We’re always hearing about gender bias in business and other areas, and it turns out that can also go for doctors when it comes to patients experiencing pain. A new study finds that doctors don’t necessarily take women’s pain as seriously as they do men’s, even when patients are suffering the exact same injuries.
According to the study, out of the University of Miami, observers, both male and female, often viewed men’s pain as more severe than women, even if both genders were experiencing the same amount of pain. Female patients’ pain was often judged as milder, and were offered relief through psychotherapy rather than medication. This could be a major issue because it can result in women not getting medication they need.
As for why, scientists believe it stems from long-held stereotypes that men are more “stoic” than women, so if men express their pain, it must be really, really bad.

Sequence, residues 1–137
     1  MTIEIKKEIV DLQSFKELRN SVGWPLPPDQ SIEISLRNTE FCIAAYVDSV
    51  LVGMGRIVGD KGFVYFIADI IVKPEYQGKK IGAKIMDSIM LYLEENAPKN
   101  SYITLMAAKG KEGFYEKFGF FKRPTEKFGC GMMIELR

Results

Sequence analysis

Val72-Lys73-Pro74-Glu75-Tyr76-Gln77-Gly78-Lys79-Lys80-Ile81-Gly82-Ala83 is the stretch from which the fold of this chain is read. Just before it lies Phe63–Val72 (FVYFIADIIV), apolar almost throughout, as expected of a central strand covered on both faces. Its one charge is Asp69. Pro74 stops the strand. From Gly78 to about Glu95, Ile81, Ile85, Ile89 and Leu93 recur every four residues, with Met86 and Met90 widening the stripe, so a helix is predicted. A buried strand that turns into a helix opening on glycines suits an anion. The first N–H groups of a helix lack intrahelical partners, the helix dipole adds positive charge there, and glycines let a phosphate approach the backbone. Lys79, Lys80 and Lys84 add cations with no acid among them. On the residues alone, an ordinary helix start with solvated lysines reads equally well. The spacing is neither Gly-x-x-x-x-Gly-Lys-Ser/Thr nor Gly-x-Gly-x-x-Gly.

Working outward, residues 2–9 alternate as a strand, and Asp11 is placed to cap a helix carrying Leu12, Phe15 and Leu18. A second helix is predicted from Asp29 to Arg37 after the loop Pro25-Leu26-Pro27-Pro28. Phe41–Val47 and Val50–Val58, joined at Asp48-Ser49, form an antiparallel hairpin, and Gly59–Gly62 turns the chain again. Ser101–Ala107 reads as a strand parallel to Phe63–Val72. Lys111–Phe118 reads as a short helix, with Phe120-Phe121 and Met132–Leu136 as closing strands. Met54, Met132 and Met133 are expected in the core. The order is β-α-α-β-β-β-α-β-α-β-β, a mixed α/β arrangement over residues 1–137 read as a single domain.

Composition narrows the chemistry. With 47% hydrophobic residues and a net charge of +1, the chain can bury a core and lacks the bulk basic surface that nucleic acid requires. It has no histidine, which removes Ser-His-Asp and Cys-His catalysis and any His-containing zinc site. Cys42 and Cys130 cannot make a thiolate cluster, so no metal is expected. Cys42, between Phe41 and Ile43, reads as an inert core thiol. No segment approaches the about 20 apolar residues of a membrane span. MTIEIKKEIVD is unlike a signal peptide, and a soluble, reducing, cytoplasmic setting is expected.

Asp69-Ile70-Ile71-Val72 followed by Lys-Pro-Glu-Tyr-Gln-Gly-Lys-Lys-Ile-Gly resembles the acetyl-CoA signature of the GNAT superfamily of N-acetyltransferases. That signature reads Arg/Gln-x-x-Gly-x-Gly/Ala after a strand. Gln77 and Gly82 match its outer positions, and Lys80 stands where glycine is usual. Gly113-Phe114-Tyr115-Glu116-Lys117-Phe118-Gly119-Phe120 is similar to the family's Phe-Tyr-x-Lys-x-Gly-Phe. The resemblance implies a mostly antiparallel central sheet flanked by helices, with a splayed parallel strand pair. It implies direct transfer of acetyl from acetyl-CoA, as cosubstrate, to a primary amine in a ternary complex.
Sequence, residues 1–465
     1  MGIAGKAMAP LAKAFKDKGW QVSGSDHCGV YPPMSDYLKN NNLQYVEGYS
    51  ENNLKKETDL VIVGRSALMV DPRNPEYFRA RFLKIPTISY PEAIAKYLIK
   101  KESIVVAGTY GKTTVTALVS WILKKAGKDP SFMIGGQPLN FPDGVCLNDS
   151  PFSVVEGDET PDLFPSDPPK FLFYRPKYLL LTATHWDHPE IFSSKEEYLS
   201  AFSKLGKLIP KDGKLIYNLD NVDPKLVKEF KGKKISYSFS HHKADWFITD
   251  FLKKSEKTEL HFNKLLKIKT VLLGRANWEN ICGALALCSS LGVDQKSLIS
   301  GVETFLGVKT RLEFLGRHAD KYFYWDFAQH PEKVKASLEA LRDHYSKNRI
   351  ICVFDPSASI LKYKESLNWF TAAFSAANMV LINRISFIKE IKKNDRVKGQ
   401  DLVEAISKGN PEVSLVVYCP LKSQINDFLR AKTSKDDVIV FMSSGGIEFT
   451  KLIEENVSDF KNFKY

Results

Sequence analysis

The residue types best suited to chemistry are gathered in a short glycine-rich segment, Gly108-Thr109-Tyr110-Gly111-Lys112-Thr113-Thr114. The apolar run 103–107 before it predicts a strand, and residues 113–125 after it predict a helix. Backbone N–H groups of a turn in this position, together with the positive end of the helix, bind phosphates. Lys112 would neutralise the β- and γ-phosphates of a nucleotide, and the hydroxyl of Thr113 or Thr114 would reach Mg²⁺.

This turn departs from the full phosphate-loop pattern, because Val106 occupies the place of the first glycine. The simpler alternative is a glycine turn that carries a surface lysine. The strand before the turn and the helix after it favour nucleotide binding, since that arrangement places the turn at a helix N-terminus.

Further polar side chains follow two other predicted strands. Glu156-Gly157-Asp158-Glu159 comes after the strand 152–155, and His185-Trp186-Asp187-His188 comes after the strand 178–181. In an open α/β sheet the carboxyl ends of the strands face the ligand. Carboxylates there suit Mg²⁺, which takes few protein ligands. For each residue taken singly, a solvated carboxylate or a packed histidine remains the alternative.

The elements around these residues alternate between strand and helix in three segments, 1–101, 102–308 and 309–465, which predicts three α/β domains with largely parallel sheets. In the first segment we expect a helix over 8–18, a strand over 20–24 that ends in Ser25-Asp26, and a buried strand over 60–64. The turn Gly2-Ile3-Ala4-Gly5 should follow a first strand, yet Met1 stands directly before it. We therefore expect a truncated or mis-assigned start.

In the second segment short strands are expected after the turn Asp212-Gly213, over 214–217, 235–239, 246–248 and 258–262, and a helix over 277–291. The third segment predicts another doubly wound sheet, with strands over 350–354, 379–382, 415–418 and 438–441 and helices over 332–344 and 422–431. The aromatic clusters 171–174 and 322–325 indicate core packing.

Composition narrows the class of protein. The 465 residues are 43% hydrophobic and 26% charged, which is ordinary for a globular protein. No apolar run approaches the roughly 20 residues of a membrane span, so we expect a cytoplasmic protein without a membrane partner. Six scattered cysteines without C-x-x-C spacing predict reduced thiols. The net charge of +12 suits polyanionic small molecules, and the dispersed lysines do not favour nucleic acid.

- “If the stereotype is to think women are more expressive than men, perhaps overly expressive, then the tendency will be to discount women's pain behaviors," study authorElizabeth Losin explains. “The flip side of this stereotype is that men are perceived to be stoic, so when a man makes an intense pain facial expression, you think, "Oh my, he must be dying!" But, she adds, the truth is, “Women are not necessarily more expressive than men, and thus their pain expression should not be discounted.”